Date of Award
Doctor of Philosophy (PhD)
Earth, Atmospheric, and Planetary Sciences
Andrew M Freed
Committee Member 1
Committee Member 2
Committee Member 3
Understanding the viscous strength (rheology) of the mantle is essential for understanding the dynamics and evolution of the Earth. Rheology affects many geologic processes such as mantle convection, the earthquake cycle, and plate tectonics. This study uses tectonic (postseismic) and non-tectonic (lake unloading) events that have induced differential stress changes within the crust and mantle, which in turn, create surface deformation. The viscoelastic relaxation is constrained using geodetic methods, such as GPS, InSAR, or measurements of shoreline rebound. We can use these observed surface displacements to constrain numerical models of the relaxation processes that can be used to infer a viscosity structure. These studies allow us to infer the mechanical nature of the lithosphere and asthenosphere using 3D finite element models. When we combine our inferred viscosity structure with calculations of conductive geothermal gradients and models of mantle melting, we can infer environmental conditions of the upper mantle like water content, mineralogy, and degree of melt.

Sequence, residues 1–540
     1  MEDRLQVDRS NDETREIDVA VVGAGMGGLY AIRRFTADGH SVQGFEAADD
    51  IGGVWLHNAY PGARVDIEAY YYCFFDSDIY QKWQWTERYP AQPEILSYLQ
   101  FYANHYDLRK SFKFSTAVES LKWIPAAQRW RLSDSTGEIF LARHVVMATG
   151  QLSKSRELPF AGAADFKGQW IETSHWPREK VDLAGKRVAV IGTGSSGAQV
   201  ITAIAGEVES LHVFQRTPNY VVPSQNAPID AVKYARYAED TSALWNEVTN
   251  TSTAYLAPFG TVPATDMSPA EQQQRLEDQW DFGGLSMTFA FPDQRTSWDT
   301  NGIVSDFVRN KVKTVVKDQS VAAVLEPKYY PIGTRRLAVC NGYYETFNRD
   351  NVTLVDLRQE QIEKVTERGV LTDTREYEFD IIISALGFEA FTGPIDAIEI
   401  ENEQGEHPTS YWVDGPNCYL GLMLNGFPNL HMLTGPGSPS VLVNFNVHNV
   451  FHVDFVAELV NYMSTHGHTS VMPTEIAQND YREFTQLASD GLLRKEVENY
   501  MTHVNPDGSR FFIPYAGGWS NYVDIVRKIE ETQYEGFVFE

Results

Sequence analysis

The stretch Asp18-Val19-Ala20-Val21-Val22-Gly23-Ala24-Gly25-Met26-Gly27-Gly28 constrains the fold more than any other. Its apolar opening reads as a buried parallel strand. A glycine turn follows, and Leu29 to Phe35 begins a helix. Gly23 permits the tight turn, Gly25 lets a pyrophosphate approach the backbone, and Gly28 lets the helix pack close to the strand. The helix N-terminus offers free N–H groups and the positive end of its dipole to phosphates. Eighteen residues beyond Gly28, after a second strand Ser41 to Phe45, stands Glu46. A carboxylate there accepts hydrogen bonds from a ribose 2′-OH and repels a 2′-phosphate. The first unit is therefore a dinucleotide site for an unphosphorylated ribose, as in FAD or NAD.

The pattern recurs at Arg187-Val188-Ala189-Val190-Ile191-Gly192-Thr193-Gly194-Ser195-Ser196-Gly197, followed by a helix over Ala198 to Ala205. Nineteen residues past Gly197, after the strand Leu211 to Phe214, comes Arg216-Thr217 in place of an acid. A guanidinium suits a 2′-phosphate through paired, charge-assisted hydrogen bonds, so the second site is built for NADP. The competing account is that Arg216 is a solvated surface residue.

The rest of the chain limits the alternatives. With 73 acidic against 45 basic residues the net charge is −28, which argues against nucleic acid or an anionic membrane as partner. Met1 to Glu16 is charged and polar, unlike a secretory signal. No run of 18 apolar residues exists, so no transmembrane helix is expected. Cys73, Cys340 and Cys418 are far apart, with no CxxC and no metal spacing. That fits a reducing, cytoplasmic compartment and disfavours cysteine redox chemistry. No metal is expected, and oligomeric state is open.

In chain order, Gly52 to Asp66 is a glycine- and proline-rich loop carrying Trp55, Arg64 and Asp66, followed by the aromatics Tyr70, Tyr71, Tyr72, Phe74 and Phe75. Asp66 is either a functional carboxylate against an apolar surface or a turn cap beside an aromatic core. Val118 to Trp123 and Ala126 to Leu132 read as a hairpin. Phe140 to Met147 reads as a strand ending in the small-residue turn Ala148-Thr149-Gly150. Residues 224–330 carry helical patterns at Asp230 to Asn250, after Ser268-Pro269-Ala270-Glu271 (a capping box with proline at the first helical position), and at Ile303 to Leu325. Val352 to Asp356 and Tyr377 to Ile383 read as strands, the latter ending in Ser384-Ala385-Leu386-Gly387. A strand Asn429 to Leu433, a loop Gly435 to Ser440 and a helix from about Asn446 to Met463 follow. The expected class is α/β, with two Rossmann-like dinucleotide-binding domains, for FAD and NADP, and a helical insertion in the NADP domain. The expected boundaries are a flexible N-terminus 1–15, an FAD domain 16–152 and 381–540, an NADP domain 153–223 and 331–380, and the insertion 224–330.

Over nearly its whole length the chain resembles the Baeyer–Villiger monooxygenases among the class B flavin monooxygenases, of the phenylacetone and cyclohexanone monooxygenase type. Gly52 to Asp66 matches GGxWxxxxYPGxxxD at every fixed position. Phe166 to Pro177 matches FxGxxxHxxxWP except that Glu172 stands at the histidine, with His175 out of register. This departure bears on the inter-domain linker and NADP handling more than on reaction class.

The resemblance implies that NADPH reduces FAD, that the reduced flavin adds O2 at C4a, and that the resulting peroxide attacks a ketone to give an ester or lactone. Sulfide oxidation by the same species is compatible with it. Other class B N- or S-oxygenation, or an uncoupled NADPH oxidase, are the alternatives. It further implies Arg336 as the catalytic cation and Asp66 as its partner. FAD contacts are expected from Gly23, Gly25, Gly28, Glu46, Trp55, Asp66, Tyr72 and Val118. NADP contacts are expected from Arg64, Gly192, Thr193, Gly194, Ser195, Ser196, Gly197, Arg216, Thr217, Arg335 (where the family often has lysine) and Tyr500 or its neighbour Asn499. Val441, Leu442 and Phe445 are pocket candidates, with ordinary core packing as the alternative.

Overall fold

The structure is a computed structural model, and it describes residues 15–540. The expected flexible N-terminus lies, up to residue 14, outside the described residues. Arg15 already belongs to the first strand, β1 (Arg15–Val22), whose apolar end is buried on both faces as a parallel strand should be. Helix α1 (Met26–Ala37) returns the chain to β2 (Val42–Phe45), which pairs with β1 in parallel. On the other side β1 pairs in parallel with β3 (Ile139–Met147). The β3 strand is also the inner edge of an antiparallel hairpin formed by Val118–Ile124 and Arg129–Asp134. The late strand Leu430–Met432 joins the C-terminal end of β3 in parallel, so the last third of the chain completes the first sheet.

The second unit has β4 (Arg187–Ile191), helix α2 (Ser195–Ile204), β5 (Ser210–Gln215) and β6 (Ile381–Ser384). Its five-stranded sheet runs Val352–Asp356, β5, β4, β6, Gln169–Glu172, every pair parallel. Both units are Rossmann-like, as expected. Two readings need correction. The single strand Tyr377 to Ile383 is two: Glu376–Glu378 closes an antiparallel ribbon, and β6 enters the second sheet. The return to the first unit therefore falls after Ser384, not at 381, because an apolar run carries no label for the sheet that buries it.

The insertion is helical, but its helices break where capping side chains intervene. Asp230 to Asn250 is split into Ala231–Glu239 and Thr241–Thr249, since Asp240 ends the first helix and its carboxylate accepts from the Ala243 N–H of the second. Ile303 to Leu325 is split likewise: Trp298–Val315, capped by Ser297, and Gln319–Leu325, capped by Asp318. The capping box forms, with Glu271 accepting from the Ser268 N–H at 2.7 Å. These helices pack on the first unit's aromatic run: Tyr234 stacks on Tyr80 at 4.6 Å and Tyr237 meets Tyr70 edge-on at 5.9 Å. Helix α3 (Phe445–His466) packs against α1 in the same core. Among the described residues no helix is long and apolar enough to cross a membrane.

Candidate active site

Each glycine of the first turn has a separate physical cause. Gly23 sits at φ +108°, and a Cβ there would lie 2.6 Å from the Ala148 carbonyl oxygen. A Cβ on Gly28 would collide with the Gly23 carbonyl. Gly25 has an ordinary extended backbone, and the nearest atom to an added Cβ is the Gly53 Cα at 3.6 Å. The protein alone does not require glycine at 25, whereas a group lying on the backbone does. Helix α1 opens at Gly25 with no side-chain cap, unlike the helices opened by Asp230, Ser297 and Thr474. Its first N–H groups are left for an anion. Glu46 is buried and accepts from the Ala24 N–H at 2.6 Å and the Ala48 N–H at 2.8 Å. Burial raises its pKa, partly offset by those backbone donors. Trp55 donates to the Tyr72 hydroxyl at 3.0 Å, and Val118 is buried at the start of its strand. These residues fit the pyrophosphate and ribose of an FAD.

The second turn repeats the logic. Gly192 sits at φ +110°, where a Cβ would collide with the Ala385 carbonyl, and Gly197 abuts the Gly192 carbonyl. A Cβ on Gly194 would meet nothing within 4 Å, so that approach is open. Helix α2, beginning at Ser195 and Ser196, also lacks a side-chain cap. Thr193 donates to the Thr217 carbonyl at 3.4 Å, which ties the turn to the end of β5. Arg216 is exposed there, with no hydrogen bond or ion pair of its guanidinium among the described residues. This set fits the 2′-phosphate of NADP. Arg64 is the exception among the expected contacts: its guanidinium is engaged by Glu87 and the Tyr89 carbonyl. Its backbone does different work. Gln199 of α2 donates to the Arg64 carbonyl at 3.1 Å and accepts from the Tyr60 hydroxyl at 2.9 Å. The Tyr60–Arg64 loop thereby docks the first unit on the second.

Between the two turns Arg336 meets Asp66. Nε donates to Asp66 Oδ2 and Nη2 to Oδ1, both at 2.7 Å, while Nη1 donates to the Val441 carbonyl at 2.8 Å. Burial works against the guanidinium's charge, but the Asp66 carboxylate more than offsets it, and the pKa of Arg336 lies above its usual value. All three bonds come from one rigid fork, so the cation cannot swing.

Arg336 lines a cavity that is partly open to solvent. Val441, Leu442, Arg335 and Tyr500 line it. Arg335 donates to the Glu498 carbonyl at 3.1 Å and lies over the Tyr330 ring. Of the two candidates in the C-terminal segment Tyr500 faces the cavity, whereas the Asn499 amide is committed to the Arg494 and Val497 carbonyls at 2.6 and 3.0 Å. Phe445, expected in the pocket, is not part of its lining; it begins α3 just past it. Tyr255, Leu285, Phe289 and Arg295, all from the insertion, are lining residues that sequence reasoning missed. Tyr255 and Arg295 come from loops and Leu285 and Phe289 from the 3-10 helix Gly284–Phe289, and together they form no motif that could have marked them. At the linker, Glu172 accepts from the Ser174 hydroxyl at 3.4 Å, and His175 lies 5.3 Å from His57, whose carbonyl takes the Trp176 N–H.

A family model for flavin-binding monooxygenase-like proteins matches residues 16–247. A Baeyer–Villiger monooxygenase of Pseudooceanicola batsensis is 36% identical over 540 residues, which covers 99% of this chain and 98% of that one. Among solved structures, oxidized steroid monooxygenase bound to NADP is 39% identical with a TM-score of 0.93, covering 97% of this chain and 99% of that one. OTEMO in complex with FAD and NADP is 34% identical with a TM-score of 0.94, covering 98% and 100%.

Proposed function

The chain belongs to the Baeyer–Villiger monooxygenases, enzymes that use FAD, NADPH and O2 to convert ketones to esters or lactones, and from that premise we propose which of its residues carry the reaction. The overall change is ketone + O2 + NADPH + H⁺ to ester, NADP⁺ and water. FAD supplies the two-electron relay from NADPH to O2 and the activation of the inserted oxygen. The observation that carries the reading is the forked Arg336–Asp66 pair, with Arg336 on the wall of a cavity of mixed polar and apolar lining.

Dickinson, Haylee, "INFERRED RHEOLOGY AND UPPER MANTLE CONDITIONS OF WESTERN NEVADA AND SOUTHERN CALIFORNIA-NORTHWEST MEXICO" (2015). Open Access Dissertations. 1486.